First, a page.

On the 26th, the German regime distributed arms to trusted people, in order to get even with the Bolsheviks and the Jews. The first act was the murder of the Communist Youth member Frume Dorogoj, age 17 [Actually, it was Frume's sister who was murdered (according to Anna Bikont, who interviewed elderly Radzilow residents for her upcoming book, she was told her name was Szyma Dorogoj, one of the "most beautiful girls in town"); Frume escaped just as the Germans advanced into town and she made her way to Latvia, then deep into Russia, and eventually to Israel in 1948; She met and married Shlomo Klein in Russia; After the war, they returned to Poland, to his birthplace of Lodz, to sell his family's property for a meager sum; She wanted to return to Radzilow and do the same but was afraid to because of "bandits" in the road who would attack and rob for money; She was aware of the error in the Grajewo Yizkor Book]. The perpetrators were Skrandzki, a tailor and Anton Kosmaczewski from Radzilow. Declaring that it is a pity [to waste] a bullet in this fashion, they decapitated her in front of Kolonyeh Kopanskes and threw her body by the feet into the Bagneh.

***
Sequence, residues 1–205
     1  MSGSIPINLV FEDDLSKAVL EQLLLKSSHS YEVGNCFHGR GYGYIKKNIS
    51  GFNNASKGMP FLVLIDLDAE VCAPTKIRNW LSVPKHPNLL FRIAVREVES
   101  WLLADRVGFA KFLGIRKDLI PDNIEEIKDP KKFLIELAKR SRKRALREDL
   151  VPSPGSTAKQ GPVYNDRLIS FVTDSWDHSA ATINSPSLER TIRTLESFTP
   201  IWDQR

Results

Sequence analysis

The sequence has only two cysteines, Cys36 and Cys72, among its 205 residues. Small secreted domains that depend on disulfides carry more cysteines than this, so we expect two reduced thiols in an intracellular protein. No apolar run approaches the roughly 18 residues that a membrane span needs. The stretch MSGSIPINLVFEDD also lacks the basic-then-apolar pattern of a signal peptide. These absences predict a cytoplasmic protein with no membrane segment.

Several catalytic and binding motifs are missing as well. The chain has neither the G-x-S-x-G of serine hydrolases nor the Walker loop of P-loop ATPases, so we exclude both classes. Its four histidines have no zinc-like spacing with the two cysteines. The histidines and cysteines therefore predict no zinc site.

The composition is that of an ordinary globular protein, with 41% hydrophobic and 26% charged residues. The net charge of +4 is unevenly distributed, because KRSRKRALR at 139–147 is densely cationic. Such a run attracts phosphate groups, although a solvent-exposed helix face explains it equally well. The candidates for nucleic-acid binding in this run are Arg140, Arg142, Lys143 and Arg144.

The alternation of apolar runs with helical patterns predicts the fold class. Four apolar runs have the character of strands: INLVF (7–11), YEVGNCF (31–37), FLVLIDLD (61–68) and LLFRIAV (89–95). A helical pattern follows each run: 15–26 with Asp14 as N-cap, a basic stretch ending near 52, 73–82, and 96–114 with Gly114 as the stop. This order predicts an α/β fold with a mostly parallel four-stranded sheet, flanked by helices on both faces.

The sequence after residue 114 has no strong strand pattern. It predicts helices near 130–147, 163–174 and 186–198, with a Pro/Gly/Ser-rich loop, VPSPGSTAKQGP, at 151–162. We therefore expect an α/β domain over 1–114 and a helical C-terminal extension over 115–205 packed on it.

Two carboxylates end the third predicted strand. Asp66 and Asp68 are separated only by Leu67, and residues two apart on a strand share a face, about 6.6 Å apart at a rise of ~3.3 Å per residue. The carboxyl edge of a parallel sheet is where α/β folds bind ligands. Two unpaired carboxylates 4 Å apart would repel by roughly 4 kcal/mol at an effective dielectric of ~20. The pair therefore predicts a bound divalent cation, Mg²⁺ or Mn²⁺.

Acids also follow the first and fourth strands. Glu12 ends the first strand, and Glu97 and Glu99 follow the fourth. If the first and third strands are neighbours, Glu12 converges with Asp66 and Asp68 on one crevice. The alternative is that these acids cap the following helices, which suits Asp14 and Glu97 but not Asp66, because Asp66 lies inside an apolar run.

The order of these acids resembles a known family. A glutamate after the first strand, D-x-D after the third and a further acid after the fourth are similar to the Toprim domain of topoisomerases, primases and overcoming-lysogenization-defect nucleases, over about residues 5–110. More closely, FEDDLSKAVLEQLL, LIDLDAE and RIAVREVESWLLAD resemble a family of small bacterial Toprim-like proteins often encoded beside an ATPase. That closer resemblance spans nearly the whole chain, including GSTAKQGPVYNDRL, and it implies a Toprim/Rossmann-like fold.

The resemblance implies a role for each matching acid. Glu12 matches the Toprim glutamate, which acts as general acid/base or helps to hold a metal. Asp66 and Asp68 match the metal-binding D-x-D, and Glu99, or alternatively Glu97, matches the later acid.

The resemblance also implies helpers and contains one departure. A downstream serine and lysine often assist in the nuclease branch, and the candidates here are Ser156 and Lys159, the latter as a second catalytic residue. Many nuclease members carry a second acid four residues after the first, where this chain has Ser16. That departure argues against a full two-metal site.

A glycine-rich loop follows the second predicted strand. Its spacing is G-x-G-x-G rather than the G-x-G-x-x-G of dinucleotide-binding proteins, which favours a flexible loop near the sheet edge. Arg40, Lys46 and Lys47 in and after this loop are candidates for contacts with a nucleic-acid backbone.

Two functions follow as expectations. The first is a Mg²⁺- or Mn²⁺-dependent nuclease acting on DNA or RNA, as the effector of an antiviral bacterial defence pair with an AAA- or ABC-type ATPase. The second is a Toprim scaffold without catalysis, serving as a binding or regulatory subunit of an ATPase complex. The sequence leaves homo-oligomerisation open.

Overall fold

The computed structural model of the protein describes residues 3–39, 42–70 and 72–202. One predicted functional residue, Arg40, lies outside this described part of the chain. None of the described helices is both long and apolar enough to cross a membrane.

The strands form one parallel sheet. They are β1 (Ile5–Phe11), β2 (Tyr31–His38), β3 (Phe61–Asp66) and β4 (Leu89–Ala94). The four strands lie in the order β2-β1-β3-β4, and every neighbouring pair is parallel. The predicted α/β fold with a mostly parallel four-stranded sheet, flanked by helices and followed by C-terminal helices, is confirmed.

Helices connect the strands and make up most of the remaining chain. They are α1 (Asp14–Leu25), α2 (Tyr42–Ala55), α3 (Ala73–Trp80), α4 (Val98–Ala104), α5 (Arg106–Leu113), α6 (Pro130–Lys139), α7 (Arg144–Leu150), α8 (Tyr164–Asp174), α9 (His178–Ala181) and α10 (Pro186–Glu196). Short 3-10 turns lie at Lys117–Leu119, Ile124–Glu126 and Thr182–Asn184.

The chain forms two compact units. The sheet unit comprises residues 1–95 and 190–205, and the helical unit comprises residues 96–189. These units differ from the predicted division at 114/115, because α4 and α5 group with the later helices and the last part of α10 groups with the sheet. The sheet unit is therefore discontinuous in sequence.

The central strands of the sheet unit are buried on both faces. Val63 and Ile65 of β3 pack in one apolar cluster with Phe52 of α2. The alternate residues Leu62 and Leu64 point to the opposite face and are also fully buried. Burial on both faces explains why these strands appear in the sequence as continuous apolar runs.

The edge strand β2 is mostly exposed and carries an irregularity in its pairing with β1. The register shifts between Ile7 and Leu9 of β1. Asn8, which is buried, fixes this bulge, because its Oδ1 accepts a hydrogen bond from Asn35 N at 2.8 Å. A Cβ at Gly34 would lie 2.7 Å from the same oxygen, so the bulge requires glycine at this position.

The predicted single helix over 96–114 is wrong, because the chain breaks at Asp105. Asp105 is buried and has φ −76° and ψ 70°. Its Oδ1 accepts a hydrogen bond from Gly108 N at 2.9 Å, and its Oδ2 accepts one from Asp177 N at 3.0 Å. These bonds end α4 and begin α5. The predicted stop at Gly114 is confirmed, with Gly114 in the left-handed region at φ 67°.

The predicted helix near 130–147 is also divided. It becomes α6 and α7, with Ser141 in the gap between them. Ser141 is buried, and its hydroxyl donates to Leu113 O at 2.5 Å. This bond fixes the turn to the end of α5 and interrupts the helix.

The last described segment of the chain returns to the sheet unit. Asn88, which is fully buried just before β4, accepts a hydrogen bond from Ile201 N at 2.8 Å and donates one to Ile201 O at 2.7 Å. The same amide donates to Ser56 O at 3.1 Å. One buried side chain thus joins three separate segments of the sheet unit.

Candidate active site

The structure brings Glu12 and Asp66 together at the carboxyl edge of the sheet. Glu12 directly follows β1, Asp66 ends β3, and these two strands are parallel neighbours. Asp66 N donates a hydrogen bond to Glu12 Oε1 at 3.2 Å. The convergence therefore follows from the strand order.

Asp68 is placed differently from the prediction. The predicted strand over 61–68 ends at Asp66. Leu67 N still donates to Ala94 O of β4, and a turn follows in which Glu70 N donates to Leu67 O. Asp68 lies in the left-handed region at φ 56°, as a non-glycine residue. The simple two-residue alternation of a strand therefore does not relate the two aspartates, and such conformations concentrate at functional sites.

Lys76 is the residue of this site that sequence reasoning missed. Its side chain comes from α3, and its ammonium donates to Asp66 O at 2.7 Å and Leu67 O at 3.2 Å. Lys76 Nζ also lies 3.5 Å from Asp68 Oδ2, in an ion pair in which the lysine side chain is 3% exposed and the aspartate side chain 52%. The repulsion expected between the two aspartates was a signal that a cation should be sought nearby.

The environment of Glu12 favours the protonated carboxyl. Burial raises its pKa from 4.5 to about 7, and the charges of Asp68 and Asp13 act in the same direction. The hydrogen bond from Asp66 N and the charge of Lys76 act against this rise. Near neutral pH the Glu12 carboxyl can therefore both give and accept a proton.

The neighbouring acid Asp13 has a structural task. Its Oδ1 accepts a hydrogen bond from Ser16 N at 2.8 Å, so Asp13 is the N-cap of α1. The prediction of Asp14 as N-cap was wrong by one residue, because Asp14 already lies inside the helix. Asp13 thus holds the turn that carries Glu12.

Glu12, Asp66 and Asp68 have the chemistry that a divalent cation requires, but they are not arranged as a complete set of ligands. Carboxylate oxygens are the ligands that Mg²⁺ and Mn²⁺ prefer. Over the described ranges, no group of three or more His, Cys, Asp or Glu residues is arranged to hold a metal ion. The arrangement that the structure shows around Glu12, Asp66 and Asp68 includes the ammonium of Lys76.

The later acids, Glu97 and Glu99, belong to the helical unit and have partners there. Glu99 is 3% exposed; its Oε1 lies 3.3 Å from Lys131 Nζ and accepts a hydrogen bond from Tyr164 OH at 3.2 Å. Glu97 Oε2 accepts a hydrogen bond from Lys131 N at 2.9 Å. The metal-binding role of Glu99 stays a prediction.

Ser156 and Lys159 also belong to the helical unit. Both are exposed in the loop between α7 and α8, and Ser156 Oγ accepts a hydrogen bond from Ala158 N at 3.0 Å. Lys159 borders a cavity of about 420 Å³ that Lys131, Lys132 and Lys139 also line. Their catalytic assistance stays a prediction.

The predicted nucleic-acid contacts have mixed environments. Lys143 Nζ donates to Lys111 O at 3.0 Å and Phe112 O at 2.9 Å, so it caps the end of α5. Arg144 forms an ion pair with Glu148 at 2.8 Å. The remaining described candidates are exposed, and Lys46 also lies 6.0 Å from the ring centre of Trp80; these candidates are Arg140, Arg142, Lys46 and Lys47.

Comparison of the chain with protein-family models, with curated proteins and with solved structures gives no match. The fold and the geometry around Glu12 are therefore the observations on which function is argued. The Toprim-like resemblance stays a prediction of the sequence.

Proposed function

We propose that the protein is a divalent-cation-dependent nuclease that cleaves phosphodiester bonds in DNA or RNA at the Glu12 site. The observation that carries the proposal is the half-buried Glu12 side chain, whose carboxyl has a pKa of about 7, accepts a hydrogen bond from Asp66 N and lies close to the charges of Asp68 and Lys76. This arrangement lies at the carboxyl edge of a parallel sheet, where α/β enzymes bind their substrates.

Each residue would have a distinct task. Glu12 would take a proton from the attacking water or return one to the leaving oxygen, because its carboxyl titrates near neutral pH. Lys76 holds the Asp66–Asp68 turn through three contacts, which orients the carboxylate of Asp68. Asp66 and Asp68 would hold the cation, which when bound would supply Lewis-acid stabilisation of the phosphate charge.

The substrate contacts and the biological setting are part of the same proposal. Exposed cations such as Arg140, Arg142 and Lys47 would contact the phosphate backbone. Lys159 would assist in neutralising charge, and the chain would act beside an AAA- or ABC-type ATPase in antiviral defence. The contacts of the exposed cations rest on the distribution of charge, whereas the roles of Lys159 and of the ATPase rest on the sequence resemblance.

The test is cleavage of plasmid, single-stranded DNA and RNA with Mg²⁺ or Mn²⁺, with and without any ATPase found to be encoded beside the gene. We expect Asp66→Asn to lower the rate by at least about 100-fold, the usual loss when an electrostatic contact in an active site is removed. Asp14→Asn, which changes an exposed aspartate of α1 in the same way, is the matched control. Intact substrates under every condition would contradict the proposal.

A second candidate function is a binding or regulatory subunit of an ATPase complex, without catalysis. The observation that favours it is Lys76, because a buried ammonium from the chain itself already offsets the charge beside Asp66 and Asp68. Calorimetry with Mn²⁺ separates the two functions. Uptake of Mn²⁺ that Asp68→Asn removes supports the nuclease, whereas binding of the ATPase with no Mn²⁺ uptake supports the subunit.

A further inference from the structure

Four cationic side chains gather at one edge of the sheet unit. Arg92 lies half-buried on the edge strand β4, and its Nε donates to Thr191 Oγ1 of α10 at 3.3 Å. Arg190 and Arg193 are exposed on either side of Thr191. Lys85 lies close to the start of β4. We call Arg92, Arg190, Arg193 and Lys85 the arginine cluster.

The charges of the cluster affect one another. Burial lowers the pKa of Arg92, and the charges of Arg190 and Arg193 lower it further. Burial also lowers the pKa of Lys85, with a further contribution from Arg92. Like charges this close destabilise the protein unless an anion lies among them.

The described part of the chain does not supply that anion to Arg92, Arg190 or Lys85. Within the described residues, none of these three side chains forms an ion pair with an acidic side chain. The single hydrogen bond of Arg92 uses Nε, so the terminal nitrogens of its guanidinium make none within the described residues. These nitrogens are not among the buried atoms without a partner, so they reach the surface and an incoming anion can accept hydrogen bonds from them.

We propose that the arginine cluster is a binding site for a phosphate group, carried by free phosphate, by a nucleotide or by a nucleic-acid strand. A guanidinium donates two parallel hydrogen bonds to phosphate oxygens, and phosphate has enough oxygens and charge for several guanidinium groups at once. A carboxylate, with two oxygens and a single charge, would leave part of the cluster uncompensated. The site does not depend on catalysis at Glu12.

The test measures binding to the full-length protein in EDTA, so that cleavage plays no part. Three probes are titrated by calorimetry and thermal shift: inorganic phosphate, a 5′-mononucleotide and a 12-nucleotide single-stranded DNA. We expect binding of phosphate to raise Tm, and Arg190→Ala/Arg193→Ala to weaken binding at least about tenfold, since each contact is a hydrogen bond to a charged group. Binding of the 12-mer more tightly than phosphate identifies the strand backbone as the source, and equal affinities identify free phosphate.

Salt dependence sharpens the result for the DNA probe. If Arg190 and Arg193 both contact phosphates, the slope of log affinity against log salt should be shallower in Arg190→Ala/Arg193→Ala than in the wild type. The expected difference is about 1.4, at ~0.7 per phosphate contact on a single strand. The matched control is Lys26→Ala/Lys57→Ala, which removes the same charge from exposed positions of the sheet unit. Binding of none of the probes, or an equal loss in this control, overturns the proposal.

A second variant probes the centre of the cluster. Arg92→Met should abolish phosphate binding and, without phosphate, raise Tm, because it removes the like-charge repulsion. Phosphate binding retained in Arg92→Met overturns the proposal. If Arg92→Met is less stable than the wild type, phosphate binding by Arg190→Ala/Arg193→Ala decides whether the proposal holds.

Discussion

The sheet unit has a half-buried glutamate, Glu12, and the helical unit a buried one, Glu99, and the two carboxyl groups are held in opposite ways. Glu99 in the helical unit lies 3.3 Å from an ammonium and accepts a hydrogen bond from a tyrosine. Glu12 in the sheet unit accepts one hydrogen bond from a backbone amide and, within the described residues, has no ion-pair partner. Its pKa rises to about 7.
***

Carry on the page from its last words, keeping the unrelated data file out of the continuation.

On July 7, 1941, at three o'clock in the afternoon, the Gestapo went together from Stawiski to Radzilow. At their command, trusted individuals were called who were already prepared to get even with the Jews. At the market place they called together, 1700 Jews, men, women, children and elderly. The "gangsters" encircled the market so that no one could escape. Walking about among those who were forced together were Yanek Walszewski, the so-called "American," Yanek Mordaszewski and Feliks his brother, Henryk Dziekonski and his brother Yan, and many Gestapo members. They beat the Jews bloody. Thus, for example, they beat the old shoemaker Artel Lipinski. He was covered with blood, unconscious. They hung a heavy stone around the neck of the former policeman T. Shtshani. As he fell under the heavy burden, the murderers beat him mercilessly. Many others fell in this manner. Then they all began to sing "Moscow Moyah" and they went about beating everyone, including small children and old people.